Edmund Pendleton, an American statesman, born in Caroline co., Va., Sept. 9, 1721, died in Kichmond, Oct. 23,1803. He began his career as an apprentice in the clerk's office of Caroline co., in 1740 was made clerk of the county court martial, and in 1741 was licensed to practise law. In 1751 he became one of the county justices, and in 1752 was elected to the house of burgesses. In 1764 he was one of the committee appointed to memorialize the king, and in 1773 of the committee of correspondence. In 1774 he was elected to the colonial convention, consequent on the Boston port bill, and chosen by that convention to the first congress. In 1775 he presided over the colonial convention, and was appointed president of the committee of safety. In May, 1776, he again presided in the convention, and drew up the celebrated resolution of that body instructing the delegates from Virginia to propose in congress a declaration of independence. After the inauguration of the commonwealth he was called to preside over the first house of delegates, and was appointed by that body, in conjunction with Chancellor Wythe and Mr. Jefferson, to revise the colonial laws. He was the head of the committee of safety during the early part of the war.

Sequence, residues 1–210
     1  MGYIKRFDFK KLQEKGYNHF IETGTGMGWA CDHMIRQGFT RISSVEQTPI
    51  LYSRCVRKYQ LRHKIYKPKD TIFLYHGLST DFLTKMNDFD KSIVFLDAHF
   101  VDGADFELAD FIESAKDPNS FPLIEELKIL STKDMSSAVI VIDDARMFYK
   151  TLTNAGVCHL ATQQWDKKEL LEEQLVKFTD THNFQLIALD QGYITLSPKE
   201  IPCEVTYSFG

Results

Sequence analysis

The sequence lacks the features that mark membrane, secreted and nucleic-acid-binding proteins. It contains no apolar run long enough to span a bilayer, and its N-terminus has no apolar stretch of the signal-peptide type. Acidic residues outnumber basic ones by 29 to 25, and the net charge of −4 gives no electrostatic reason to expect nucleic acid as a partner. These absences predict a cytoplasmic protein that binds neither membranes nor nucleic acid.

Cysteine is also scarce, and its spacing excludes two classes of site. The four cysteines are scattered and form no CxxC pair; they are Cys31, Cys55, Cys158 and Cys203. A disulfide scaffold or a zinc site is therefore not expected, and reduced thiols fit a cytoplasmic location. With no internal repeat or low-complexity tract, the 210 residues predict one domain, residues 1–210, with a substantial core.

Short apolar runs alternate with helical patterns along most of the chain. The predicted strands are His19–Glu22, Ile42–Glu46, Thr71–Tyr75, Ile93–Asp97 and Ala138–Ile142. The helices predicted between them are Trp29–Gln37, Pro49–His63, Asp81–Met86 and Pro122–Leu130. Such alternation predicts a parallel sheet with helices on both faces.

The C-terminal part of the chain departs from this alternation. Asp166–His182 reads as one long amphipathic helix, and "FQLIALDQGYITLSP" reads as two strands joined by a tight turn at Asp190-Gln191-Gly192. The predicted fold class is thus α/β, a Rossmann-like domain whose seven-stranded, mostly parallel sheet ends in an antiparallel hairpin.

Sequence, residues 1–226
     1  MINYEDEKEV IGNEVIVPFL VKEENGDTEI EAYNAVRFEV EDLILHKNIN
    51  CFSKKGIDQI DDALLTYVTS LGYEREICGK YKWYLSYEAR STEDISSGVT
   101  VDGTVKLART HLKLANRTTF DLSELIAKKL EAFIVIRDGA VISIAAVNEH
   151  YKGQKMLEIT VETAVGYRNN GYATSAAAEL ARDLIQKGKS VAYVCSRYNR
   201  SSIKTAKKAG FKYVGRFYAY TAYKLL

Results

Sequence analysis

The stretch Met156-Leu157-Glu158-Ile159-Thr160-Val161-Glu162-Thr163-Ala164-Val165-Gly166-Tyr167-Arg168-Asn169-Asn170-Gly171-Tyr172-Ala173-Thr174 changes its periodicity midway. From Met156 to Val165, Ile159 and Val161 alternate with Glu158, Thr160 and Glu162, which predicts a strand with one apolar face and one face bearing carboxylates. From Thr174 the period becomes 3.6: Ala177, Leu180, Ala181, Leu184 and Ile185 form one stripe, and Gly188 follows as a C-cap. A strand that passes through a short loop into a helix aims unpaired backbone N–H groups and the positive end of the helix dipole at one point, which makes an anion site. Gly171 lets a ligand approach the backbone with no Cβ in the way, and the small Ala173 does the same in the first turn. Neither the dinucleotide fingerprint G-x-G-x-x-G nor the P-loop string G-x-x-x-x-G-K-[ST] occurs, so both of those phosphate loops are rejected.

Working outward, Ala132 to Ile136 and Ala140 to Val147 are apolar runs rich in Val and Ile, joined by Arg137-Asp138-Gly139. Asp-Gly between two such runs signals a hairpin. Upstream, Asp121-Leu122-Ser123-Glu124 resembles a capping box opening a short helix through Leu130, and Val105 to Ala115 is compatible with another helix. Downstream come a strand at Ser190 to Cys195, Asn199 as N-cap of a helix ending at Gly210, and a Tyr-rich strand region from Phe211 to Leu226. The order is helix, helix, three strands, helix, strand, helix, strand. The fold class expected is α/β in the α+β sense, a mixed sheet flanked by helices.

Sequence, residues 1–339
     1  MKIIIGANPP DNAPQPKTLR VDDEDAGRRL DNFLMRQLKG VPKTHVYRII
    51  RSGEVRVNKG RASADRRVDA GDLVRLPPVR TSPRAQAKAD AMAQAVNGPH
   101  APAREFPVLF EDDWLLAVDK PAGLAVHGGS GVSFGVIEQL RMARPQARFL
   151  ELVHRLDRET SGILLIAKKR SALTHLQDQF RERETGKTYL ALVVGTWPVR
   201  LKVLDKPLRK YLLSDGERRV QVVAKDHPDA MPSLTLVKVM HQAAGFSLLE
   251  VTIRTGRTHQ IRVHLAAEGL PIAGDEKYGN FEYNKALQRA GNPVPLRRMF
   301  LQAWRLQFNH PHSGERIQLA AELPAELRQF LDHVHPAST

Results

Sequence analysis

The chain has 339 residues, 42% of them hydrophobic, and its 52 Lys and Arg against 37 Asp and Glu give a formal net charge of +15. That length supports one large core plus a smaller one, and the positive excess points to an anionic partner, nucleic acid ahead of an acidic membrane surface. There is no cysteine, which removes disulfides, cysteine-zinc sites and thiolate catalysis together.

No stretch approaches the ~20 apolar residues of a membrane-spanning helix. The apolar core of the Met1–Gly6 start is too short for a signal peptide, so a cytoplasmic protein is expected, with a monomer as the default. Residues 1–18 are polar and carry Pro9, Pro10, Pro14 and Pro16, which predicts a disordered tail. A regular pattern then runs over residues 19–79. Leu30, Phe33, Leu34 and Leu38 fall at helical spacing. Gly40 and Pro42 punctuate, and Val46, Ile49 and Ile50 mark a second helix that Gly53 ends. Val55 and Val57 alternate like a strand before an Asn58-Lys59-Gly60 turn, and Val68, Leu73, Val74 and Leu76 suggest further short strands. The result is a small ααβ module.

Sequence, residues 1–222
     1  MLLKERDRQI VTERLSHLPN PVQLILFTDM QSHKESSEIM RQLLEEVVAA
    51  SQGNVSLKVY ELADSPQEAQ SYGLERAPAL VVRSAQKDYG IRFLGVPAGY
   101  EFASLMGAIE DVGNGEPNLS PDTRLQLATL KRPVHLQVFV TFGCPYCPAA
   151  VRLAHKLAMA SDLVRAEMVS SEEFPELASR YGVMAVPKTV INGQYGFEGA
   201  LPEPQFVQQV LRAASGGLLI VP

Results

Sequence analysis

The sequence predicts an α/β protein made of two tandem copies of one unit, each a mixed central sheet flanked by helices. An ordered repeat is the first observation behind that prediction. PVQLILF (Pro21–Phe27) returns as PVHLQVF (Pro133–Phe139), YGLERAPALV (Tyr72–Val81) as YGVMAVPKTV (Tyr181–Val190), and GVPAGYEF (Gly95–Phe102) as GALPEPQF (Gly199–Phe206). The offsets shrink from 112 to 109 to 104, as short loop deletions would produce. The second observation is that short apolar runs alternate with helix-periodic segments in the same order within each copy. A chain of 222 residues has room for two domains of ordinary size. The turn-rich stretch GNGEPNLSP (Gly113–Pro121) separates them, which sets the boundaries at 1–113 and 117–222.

In March, 1777, by a fall of his horse, he received an injury of the hip joint which made him a cripple for life. In the same year he was reelected speaker of the house of burgesses. On the organization of the chancery court that year, he was unanimously elected its president; and when, in 1779, the court of appeals was constituted, he also became its president. This last post he held till his death. He presided over the state convention of 1788, in which was to be considered the proposed constitution of the United States, and was a leading advocate of its adoption.